The number of cases of crew abandonment continues to rise possibly due to the strains on the industry during the pandemic. While port states such as Australia have been aggressive when the cases are reported to them, the International Transport Workers’ Federation and the charitable organization Stella Maris are also reporting with the increased support of organizations and government they are making progress in winning compensation for crewmembers globally.
The ITF reported 85 cases of abandonment to the International Labour Organization (ILO) last year, a historic high according to the union. In many of those cases, they report that the abandoned crew had already been waiting several weeks or months for unpaid wages.
“It’s not uncommon for crew to be paid the at the wrong rate by a shipowner, or less than the rate set out in the employment agreement covering the ship,” said Steve Trowsdale, the ITF’s Inspectorate Coordinator. “Seafarers might think it’s normal to go unpaid for a couple of months, waiting for a shipowner to sort out financing, but they need to be aware that non-payment can also be a sign that a shipowner is about to cut them loose and leave them abandoned.”
Often the cases end when port states and governments step in to return their citizens after being abandoned around the world. Stella Maris, the largest ship-visiting network in the world, and the official maritime charity of the Catholic Church, however, is also reporting a case where it was able to build trust with the crew and help them to win further compensation in the courts.
A group of 32 Thai crewmembers working on a fishing vessel turned to social media in June 2019 after they were abandoned by the commercial vessel Wadani 1 without their pay in Somalia. Some of the crew had been aboard for a year working first off Iran and later Somalia without being properly paid. Stuck in Somalia their food supplies were running dangerously low.
Stella Maris Thailand Seafarers Centre Director and port chaplain Apinya Tajit worked with Thailand’s Ministry of Foreign Affairs and the Thai Embassy that looks after Somalia. The embassy negotiated with authorities in Somalia and the vessel’s owners to send the men home. They were returned to Thailand by the end of August 2019, where normally these stories end.
Instead, working with local lawyers, Stella Maris was able to build trust with the crew and helped the men to initiate legal proceedings for human trafficking and to recover the crew’s unpaid wages. Last month, Thailand’s Central Labor Court ruled in favor of the 32 crewmembers awarding them approximately $255,000 in compensation to cover the unpaid wages and holiday pay.
The ITF reports that its 125 inspectors and coordinators completed 7,265 inspections in 2021 to support thousands of seafarers with wage claims and repatriation cases. They are trained to look for exploitation, overwork, and signs of forced labor. On many vessels, Inspectors have the right to examine wage accounts, and employment contracts, and to review recorded hours of work and rest.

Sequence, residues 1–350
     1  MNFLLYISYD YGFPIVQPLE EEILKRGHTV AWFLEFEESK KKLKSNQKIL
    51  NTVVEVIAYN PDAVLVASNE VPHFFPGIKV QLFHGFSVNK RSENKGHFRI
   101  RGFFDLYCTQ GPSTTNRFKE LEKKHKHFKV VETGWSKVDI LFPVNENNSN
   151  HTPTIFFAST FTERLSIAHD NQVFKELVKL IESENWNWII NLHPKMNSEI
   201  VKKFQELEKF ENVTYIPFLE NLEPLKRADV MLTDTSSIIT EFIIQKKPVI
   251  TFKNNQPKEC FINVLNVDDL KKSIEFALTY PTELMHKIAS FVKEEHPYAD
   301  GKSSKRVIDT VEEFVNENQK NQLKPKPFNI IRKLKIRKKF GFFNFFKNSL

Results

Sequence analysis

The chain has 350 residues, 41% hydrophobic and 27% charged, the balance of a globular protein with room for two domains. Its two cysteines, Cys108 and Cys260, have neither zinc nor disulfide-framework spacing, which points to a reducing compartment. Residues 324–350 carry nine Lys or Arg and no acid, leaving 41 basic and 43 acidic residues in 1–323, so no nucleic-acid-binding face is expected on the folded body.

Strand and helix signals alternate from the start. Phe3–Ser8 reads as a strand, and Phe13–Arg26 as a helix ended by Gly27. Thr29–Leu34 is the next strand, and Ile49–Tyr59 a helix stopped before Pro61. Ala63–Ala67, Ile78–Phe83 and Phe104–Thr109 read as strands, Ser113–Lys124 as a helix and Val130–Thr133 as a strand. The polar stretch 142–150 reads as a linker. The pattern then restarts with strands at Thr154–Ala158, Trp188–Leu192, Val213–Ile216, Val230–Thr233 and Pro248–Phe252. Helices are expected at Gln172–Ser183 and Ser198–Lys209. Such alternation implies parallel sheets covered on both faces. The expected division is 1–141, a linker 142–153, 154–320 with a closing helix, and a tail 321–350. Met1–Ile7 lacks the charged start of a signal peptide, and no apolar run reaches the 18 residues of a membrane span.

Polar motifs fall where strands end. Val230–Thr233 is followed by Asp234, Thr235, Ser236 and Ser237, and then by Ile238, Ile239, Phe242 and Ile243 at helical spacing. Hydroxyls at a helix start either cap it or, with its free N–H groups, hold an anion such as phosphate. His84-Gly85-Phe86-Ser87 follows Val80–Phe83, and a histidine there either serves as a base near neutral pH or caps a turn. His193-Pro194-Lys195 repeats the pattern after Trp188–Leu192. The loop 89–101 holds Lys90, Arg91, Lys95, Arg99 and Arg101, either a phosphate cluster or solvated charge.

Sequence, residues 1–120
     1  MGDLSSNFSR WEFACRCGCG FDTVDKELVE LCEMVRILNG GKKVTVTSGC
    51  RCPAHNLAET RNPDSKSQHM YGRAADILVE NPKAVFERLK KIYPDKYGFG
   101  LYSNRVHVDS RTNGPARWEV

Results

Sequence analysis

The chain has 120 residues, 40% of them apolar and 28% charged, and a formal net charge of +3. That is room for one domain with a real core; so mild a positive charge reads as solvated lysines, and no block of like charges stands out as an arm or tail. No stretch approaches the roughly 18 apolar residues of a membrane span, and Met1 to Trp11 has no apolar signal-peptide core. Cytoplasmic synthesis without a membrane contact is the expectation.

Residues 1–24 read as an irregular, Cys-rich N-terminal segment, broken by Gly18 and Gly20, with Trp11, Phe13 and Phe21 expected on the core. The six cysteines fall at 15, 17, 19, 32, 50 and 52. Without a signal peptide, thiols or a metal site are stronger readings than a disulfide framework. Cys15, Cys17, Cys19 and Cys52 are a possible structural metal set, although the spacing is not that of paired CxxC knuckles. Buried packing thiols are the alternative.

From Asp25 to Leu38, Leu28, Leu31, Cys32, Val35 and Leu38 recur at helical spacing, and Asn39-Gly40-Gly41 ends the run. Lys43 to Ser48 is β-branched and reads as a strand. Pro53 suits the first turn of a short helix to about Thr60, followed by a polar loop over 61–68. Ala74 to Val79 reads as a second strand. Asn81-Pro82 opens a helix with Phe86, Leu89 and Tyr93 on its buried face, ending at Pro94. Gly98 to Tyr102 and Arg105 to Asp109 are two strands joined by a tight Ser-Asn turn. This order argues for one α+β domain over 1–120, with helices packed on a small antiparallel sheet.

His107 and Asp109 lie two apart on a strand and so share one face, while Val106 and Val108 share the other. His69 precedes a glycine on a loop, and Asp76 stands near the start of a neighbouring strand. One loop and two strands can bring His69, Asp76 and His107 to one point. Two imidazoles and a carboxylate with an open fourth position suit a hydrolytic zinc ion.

“Concerningly, we’re seeing a rise in the number of seafarers reporting non-payment of wages for periods of two months or longer, which meets the ILO’s definition of abandonment,” reports Trowsdale. He said the ITF however was able to claw back nearly $37.6 million in unpaid wages and entitlements from shipowners in 2021.
As an example of their work, the union highlighted that its inspector based in Hong Kong, Jason Lam, helped eight Burmese seafarers who were crewing the MV Lidia recover almost $30,000 in unpaid wages after they ran aground in October 2021. They had been left nearly shipwrecked after a typhoon, says the ITF, with the shipowner refusing to pay the two months’ wages owed the crew and without assistance to get home.
“I’m extremely proud of the work our inspectors have done to support seafarers in the last year, often working in the face of incredibly difficult circumstances,” said Trowsdale. “As the crew change crisis worsened in early 2021, a flood of requests filled the ITF’s inboxes from crew desperate to sign off and get home.”
The ITF reports that breach of contract was the number one failure of ship owners identified by its inspectors in 2021. Out of the 7,265 inspections performed, a quarter was the result of requests from crew or individual seafarers and 1,795 cases were classified as a breach of contract. The ITF uses this term to include illegitimate extensions to work periods, unacceptable or unsafe work conditions, and failure to abide by agreed rates of pay.